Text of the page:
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Cardiac MRI (CMRI)

Heart magnetic resonance imaging (MRI) is an imaging method that uses powerful magnets and radio waves to create pictures of the heart. It does not use radiation (x-rays). MRI of the heart may be performed for further evaluation of signs or symptoms that may suggest:

  • Atherosclerosis. A gradual clogging of the arteries over many years by fatty materials and other substances in the blood stream
  • Cardiomyopathy. An enlargement of the heart due to thickening or weakening of the heart muscle
  • Congenital heart disease. Defects in one or more heart structures that occur during formation of the fetus, such as a ventricular septal defect (hole in the wall between the two lower chambers of the heart)
  • Congestive heart failure. A condition in which the heart muscle has become weakened to an extent that blood cannot be pumped efficiently, causing buildup (congestion) in the blood vessels, lungs, feet, ankles, and other parts of the body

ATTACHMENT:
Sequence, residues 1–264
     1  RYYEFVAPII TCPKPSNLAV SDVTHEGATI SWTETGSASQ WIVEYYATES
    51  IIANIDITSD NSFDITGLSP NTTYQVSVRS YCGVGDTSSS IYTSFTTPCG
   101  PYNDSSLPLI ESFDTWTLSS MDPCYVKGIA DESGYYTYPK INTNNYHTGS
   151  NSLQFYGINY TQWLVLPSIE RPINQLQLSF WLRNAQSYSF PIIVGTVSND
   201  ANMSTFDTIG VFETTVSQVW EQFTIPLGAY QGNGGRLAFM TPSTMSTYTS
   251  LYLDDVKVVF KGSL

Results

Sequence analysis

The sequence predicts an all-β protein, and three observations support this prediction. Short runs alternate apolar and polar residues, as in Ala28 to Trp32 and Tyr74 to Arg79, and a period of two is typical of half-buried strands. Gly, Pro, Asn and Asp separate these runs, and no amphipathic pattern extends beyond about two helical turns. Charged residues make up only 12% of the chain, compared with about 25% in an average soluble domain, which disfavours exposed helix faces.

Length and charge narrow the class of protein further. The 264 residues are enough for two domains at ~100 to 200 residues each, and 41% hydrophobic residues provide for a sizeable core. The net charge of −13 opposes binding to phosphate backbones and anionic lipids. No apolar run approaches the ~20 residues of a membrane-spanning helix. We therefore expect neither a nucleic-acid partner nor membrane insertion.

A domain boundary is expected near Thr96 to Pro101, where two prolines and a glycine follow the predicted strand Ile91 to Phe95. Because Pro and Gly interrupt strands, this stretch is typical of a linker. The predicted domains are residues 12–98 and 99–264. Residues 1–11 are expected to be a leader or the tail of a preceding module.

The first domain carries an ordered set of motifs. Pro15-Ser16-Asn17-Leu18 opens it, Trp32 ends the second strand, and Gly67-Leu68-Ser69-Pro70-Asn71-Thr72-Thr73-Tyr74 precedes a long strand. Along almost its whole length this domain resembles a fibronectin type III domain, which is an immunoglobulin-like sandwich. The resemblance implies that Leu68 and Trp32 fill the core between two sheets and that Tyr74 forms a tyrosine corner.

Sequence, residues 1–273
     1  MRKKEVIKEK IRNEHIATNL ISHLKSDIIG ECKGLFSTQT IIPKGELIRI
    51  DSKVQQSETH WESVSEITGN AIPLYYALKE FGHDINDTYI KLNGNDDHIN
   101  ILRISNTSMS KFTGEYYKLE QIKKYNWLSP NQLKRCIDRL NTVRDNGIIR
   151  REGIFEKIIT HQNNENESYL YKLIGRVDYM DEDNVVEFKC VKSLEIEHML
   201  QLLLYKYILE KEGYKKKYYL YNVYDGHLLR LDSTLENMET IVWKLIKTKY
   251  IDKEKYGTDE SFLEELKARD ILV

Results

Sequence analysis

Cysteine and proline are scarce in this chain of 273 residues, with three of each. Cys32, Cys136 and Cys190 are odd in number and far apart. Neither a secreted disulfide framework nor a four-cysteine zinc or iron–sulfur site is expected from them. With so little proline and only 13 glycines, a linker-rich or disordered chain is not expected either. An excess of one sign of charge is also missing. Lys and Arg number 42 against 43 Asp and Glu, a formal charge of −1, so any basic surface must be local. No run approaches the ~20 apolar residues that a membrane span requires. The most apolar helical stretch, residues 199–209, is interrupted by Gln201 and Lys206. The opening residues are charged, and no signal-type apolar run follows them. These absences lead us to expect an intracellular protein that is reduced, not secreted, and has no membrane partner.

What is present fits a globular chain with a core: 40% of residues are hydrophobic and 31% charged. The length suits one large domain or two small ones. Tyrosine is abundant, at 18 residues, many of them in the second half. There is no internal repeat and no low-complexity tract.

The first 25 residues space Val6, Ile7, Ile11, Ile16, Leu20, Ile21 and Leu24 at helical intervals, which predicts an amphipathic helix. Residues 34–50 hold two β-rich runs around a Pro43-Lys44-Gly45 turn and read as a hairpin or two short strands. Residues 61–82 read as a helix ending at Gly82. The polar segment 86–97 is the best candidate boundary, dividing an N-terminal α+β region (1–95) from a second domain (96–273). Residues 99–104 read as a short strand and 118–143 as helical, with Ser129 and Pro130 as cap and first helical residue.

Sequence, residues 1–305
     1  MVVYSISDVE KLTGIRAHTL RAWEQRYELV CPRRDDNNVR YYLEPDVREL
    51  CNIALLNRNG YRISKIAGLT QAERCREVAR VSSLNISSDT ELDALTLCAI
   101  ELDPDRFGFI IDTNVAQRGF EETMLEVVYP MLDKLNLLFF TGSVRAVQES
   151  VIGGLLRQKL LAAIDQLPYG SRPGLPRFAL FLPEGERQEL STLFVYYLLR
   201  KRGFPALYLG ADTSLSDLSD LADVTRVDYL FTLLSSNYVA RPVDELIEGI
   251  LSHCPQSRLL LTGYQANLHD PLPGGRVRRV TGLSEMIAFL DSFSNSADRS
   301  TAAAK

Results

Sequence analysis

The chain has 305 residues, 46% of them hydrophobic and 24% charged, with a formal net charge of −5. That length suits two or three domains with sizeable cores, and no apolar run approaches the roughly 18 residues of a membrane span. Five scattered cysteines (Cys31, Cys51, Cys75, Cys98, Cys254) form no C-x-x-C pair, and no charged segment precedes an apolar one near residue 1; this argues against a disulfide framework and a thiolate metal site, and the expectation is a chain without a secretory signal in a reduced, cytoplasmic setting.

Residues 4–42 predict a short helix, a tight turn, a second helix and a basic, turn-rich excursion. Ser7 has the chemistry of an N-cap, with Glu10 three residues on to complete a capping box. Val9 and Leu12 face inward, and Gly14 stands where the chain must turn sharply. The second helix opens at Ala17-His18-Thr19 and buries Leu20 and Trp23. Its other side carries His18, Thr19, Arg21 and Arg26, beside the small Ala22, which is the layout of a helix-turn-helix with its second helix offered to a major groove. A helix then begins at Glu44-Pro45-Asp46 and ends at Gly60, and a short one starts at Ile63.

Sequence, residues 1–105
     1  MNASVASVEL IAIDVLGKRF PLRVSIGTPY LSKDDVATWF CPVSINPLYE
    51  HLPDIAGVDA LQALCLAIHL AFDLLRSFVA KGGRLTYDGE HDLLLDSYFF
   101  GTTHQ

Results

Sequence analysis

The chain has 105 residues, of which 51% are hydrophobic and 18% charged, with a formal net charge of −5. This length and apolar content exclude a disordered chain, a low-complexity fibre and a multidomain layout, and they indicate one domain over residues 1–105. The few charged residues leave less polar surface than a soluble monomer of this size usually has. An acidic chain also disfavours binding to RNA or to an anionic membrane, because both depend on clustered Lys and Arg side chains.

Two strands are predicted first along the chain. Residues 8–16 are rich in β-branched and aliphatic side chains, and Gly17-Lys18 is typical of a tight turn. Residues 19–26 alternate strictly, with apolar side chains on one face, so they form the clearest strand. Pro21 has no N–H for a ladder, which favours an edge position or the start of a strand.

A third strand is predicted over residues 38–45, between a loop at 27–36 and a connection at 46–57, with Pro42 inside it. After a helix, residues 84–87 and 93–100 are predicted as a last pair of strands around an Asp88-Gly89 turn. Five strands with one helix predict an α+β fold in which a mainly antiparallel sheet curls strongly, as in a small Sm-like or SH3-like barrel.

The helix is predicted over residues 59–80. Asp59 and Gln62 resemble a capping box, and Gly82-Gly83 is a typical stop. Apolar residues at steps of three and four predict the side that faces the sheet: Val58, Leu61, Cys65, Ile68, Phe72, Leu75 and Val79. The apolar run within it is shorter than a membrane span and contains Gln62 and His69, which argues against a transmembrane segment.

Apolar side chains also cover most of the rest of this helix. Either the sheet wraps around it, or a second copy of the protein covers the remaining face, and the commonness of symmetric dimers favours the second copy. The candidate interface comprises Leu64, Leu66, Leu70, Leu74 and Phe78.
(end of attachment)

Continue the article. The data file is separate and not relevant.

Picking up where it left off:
• Aneurysm. A dilation of a part of the heart muscle or the aorta (the large artery that carries oxygenated blood out of the heart to the rest of the body), which may cause weakness of the tissue at the site of the aneurysm
  • Valvular heart disease. Malfunction of one or more of the heart valves that may cause an obstruction of the blood flow within the heart
  • Cardiac tumor. A tumor of the heart that may occur on the outside surface of the heart, within one or more chambers of the heart (intracavitary), or within the muscle tissue of the heart

There may be other reasons for your doctor to recommend an MRI of the heart.